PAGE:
HONG KONG, April 8 (Reuters) - Yue Yuen Industrial Holdings Ltd, which makes shoes for global brands including Nike Inc and adidas AG, said on Tuesday it is in talks to resolve a dispute over employee terms and benefits at a factory in southern China.
The demonstration, which began on Saturday, is the latest to highlight a growing trend of industrial activism in China amid a worsening shortage of workers that has shifted the balance of power in labour relations.
About 600 workers took to the street in the southern Chinese manufacturing hub of Dongguan due to a “misunderstanding” over social security benefits and different terms for local and migrant workers, a spokesman for Yue Yuen, the world’s largest maker of athletic shoes, told Reuters.
“The misunderstanding has to be clarified by the government, in particular any difference between local and migrant workers when they claim their benefits,” the spokesman said.
Yue Yuen, which employs about 60,000 workers in the district, was in talks with local government officials and labour union representatives and hoped to resolve the issue by April 14, the spokesman said.
Adidas said in a statement it was closely monitoring the situation and confirmed its supplier was in talks with local authorities to address workers’ concerns.
Nike did not immediately respond to a request for comment.
Last month, a strike at a factory of International Business Machines Corp in the southern boom town of Shenzhen illustrated how significant changes in China’s labour market are emboldening workers to take matters into their own hands, raising risks for multinationals, labour experts say.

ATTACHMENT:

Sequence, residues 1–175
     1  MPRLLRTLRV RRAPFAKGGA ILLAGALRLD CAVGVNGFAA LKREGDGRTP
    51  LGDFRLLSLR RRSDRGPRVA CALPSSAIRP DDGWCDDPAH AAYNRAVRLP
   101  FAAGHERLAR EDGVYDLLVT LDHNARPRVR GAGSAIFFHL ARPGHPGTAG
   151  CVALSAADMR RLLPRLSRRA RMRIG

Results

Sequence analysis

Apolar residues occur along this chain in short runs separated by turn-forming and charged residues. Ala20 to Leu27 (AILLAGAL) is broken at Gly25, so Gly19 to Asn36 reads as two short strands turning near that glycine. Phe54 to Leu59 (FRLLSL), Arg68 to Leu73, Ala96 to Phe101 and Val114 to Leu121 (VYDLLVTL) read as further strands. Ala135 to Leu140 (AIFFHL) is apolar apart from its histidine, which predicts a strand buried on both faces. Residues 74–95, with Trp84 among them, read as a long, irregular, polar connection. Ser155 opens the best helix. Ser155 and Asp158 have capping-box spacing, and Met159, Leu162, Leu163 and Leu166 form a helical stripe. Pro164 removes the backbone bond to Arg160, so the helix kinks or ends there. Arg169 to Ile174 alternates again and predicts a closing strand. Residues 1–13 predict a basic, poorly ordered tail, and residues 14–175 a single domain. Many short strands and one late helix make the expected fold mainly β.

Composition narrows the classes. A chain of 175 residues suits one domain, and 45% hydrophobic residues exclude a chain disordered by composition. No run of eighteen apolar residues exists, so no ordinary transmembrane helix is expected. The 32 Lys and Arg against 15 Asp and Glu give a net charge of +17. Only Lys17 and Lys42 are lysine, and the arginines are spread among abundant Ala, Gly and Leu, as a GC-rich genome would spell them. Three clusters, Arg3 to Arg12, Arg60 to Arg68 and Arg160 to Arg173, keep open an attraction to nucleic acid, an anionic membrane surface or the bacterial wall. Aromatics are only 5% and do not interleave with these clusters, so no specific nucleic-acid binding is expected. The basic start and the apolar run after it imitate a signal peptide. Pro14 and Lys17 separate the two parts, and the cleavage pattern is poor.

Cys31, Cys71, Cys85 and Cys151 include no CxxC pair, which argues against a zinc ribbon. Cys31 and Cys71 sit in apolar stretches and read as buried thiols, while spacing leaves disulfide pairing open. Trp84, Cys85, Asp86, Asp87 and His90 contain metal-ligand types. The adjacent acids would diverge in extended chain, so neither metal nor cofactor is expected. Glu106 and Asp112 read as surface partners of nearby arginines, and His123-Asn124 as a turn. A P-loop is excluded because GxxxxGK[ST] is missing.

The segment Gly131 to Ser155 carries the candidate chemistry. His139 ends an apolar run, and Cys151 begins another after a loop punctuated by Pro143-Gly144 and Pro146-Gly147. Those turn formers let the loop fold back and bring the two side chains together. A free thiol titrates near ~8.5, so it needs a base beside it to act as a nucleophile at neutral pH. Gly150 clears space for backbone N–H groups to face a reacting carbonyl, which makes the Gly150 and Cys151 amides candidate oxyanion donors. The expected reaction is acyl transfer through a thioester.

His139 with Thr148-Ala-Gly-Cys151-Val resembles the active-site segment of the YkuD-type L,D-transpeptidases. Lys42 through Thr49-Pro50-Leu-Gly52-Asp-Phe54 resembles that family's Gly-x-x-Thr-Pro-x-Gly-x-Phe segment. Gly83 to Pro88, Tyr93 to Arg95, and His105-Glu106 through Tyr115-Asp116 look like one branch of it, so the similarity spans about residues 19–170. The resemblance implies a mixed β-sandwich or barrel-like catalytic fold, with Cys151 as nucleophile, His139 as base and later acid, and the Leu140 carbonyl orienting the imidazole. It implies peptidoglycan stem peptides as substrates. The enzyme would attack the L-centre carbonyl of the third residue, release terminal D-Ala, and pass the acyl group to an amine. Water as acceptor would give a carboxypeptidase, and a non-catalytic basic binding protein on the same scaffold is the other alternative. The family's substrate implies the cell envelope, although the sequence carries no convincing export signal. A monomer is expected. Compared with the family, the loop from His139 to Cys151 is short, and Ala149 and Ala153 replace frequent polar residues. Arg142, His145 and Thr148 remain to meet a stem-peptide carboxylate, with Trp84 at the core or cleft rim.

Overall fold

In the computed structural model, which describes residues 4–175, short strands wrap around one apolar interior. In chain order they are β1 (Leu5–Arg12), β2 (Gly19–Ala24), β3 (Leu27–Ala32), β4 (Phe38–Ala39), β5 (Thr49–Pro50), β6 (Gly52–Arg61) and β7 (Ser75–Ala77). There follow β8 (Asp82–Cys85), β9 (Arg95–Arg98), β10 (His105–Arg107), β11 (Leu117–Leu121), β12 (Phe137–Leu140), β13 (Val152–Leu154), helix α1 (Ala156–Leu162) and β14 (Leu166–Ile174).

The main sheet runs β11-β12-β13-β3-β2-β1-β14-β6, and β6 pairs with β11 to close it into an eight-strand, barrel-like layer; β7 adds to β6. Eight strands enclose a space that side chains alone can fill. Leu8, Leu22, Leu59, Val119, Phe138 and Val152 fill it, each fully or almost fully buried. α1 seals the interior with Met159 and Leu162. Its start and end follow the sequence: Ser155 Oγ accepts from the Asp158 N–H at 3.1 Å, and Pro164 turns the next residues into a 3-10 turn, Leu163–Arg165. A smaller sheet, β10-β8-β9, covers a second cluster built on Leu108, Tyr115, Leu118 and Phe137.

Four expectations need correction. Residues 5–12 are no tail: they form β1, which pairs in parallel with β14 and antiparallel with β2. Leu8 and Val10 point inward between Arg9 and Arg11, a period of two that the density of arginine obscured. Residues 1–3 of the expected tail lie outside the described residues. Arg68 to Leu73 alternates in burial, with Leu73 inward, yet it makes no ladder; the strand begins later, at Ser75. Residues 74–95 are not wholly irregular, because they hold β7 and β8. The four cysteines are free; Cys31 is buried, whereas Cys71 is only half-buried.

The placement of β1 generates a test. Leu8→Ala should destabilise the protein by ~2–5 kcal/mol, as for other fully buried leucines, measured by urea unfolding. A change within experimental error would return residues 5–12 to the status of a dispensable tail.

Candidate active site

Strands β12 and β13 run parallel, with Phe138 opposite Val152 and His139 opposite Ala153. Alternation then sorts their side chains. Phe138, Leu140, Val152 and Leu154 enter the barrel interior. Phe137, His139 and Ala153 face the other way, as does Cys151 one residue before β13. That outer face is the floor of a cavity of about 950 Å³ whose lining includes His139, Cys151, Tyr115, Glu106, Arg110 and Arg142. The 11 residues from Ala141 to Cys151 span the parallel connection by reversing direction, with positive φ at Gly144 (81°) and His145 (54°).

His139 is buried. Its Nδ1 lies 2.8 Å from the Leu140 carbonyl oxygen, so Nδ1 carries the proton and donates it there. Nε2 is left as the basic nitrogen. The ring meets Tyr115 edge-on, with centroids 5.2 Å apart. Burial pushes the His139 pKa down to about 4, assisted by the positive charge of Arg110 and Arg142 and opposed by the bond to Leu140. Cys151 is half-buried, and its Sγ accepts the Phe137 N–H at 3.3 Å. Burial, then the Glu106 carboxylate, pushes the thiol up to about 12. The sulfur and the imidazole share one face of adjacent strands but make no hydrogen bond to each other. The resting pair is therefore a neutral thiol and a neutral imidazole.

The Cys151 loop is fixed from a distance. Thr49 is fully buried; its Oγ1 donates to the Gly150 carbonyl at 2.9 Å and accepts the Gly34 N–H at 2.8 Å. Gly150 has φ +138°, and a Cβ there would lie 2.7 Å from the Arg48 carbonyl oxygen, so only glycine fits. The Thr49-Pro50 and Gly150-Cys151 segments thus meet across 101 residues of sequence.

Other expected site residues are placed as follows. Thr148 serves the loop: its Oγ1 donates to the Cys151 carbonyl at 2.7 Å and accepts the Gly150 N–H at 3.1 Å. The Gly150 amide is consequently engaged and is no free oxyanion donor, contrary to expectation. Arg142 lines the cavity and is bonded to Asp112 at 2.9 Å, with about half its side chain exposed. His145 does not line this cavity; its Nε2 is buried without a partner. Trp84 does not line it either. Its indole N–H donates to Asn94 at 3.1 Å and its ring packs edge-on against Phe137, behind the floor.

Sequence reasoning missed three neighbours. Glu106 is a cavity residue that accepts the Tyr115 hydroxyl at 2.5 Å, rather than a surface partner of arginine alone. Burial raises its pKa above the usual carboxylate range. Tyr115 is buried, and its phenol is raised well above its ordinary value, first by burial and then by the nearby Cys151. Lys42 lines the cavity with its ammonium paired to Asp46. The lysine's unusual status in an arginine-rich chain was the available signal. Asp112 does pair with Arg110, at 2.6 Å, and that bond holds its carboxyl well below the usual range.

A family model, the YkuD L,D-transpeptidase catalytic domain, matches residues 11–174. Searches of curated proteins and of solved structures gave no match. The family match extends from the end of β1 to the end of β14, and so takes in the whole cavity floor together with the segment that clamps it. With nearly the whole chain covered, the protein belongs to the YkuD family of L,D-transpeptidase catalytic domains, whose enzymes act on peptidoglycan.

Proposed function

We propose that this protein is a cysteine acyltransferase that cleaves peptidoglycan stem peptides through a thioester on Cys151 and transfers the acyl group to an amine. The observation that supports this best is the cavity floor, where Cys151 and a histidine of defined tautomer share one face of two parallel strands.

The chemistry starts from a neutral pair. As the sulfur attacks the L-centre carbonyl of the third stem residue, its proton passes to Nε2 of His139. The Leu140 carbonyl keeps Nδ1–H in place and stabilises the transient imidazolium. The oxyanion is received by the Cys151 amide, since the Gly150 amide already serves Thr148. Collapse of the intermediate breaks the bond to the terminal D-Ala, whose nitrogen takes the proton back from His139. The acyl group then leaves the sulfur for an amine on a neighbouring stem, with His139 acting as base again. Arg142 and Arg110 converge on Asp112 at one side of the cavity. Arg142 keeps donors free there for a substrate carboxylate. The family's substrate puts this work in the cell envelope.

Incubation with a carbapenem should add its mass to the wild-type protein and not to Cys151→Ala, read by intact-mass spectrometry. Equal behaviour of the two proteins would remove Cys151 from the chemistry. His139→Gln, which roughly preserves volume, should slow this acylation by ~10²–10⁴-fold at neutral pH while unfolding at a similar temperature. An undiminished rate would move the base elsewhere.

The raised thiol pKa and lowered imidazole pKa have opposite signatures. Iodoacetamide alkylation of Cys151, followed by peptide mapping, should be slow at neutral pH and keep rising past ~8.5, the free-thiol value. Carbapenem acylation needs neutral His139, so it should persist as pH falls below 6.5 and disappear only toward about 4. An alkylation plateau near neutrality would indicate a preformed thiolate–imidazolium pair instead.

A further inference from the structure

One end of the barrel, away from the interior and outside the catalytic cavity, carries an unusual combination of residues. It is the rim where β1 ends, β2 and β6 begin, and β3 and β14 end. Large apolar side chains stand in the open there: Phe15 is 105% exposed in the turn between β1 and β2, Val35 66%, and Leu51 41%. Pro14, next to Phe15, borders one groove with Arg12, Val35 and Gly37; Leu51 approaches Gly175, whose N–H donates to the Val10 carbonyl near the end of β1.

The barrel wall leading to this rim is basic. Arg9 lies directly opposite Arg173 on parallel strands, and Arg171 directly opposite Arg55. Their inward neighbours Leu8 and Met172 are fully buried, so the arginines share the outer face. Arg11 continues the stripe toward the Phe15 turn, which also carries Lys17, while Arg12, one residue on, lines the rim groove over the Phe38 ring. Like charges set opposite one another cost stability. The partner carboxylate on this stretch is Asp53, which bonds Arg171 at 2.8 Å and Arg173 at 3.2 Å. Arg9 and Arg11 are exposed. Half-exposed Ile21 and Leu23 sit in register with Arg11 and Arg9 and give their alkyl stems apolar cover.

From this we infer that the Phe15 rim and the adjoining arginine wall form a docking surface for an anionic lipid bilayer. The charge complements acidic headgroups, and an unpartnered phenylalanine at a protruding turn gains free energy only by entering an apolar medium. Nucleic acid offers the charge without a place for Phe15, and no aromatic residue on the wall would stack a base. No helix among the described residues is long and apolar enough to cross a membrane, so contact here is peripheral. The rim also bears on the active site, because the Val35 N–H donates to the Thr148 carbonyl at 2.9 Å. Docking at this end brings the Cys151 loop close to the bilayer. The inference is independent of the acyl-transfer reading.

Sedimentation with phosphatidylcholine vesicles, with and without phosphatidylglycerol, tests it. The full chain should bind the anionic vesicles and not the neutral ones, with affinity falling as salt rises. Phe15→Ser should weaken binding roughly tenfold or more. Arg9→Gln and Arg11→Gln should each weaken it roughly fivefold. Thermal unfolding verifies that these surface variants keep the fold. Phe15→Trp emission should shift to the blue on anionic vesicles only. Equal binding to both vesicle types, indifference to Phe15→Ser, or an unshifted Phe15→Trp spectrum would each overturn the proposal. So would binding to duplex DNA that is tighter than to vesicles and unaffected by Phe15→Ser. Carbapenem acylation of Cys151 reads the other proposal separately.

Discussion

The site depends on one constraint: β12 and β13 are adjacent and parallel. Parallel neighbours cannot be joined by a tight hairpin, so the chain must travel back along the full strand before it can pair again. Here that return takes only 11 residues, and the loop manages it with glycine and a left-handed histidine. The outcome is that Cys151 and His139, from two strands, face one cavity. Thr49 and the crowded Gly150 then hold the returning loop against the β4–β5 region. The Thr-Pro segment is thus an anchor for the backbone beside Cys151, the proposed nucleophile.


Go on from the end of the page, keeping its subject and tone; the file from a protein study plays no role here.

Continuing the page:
In November, hundreds of employees stopped work at a Nokia Oyj factory in Dongguan, complaining of changes following Nokia’s sale of its mobile phone business to Microsoft Corp.
Yuen Yuen, which listed in Hong Kong in 1992 and has a market value of $5.4 billion, said its business in Dongguan was operating as normal.
Shares of the company closed down 0.4 percent in Hong Kong on Tuesday, lagging a 1 percent gain for the benchmark Hang Seng Index.
Yue Yuen, which also makes shoes for brands Reebok, ASICS, New Balance, Puma, Converse, Salomon and Timberland, has factories in China, Indonesia, Vietnam, the United States, Mexico and elsewhere in Asia. (Reporting By Donny Kwok and Alice Woodhouse; Additional reporting by John Ruwitch in SHANGHAI; Writing by Anne Marie Roantree; Editing by Christopher Cushing)